People who move to El Paso from parts of the country that get more than a couple of inches of rain a year never can believe how crazy the city gets when we get weather like we are having this week. If there is rain of any kind in the forecast, every news station sends out all of their reporters in rain gear, pull out the super sexy graphics telling you where to find sandbags so your house doesn't turn into an indoor swimming pool, and do constant weather alerts. So what is it about the wet stuff falling from the sky that freaks us out?

Well, we live in the desert, so rain throws us for a loop, especially on the road. Here is a list of why we're so bad at driving in the rain.

1. We like to yell wheeeee wheee wheeee wheeeeeee like the pig in the commercial as we go barreling through puddles in the street. We hardly ever see them so can you blame us?

2. We think ‘hydroplaning’ sounds like a lot of fun. I hydroplaned a vehicle into a small hill off of the Executive Center off-ramp and I gotta tell you, it was a scream. Literally. I was screaming when I totaled my car. Whole lotta fun. Here's what to do if you hydroplane.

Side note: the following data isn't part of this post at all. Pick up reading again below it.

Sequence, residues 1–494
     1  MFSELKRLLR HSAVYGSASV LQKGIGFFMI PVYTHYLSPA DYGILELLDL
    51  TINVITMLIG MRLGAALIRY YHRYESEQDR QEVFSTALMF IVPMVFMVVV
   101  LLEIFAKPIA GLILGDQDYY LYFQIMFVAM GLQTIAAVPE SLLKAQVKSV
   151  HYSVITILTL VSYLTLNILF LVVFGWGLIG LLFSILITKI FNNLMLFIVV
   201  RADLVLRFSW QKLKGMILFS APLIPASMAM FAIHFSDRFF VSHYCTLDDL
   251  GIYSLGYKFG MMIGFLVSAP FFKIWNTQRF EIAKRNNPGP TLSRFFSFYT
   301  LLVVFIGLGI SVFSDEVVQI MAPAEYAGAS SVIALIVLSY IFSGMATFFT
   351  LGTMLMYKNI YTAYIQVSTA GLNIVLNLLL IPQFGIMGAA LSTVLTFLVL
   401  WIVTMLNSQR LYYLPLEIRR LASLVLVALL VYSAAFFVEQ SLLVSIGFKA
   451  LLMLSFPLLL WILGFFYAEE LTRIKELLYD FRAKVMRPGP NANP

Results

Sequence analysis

3. We forget to keep our eyes on the road because we’re too busy looking at all the pretty, pretty clouds in the sky. It's so much fun to find the dinosaurs and bunny rabbits while you drive. Of course you might want to check the road every now and again to keep from crashing into something.

4. We think that if we drive super fast, we’ll go between the raindrops so our ride won’t get dirty. It's the best way to keep from having to wait in the car wash line the day after the rain dries up.

LOOK: The most expensive weather and climate disasters in recent decades

Stacker ranked the most expensive climate disasters by the billions since 1980 by the total cost of all damages, adjusted for inflation, based on 2021 data from the National Oceanic and Atmospheric Administration (NOAA). The list starts with Hurricane Sally, which caused $7.3 billion in damages in 2020, and ends with a devastating 2005 hurricane that caused $170 billion in damage and killed at least 1,833 people. Keep reading to discover the 50 of the most expensive climate disasters in recent decades in the U.S.

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